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Yale Law

Washington, DC | April 9, 2009 | www.adc.org | The American-Arab Anti-Discrimination Committee (ADC) is proud to present the Annual Pro Bono Attorney of the Year Award to the Yale University Law School‘s Allard K. Lowenstein International Human Rights Law Clinic National Litigation Project during this year‘s Annual Civil Rights Awards Lunch on Saturday June 13, 2009, during the ADC Annual National Convention.
You can register for the 2009 ADC Annual National Convention here or by calling (202) 244-2990. You may also email us to convention@adc.org.
The Lowenstein Human Rights Clinic and National Litigation Project, spearheaded by Professors Michael Wishnie and Hope Metcalf, continues to play a central and instrumental role in exposing targeted round-ups of Muslim immigrants during Operation Frontline in 2004 and 2005. Through the work of the clinic, a Freedom of Information Act lawsuit resulted in the turning over of key documentation on Operation Front Line which, when analyzed, showed systematic discrimination in immigration raids targeting Muslim immigrants.
According to the Department of Homeland Security (DHS), Operation Frontline was designed to “detect, deter and disrupt terror operations” among immigrants during the months leading up to the Presidential elections of 2004. An analysis of data obtained from DHS, through the clinic‘s lawsuit, demonstrated that an astounding 79 percent of the targets investigated were immigrants from Muslim-majority countries. This policy was exposed by the numbers, despite numerous reassurances from DHS asserting that racial, ethnic and religious criteria were not the basis of its investigations.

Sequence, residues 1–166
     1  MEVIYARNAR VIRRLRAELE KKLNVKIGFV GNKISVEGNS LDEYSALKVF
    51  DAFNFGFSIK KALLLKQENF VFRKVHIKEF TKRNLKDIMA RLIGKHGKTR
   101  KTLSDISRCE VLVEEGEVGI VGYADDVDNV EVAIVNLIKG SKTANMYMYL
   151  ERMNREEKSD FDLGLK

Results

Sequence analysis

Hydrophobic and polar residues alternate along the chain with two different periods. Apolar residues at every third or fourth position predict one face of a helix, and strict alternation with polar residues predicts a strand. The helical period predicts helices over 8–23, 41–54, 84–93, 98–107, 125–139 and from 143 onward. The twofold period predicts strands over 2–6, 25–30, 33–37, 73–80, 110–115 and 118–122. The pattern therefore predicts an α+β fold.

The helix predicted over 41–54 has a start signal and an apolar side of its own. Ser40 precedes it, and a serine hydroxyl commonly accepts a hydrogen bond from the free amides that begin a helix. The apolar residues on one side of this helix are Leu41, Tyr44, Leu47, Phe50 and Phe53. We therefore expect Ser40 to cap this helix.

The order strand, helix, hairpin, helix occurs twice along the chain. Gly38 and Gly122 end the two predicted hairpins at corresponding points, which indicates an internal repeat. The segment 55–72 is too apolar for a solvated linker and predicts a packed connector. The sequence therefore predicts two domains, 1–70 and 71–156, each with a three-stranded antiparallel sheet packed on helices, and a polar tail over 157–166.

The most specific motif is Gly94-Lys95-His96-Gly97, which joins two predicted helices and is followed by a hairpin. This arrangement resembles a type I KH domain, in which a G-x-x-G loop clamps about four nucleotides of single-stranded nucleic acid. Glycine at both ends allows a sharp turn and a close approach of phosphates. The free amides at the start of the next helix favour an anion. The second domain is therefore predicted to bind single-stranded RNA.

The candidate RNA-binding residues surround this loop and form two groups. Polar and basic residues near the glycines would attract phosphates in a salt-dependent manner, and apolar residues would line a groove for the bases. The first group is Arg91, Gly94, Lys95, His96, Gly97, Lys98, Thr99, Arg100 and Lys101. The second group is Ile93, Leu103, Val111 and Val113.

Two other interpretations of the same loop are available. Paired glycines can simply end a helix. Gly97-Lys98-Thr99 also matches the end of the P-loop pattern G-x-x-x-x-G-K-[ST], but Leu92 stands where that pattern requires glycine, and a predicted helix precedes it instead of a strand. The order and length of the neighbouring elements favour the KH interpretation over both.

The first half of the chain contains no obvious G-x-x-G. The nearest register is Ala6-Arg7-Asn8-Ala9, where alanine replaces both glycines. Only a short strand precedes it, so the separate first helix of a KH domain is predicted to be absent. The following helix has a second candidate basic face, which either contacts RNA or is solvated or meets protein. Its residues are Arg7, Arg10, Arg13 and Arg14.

Armed with the data and analysis prepared by the clinic, ADC has since asked the Department of Homeland Security Office for Civil Rights and Civil Liberties for an investigation into Operation Frontline and the blatant religious targeting that took place in 2004 and 2005.
Accepting the award on behalf of the clinic are Professors Hope Metcalf and Mike Wishnie who spearheaded the project along with an outstanding team of Yale law students.
ADC National Executive Director Kareem Shora said “We are delighted to continue our partnership and work with Mike, Hope, and their great team of law students at Yale. This award represents a small token of our appreciation for their great efforts in protecting civil and human rights. The Lowenstein Human Rights Clinic‘s success in the Operation Frontline case is a solid-example of the exposed abuses we‘ve seen targeting the Arab, Muslim and South Asian communities. While it is clear that we, as a nation, still face many challenges, the efforts at Yale Law in bringing these injustices to light are the first steps toward demanding accountability from our government.”
BIOGRAPHICAL INFORMATION: Professor Mike Wishnie and Professor Hope Metcalf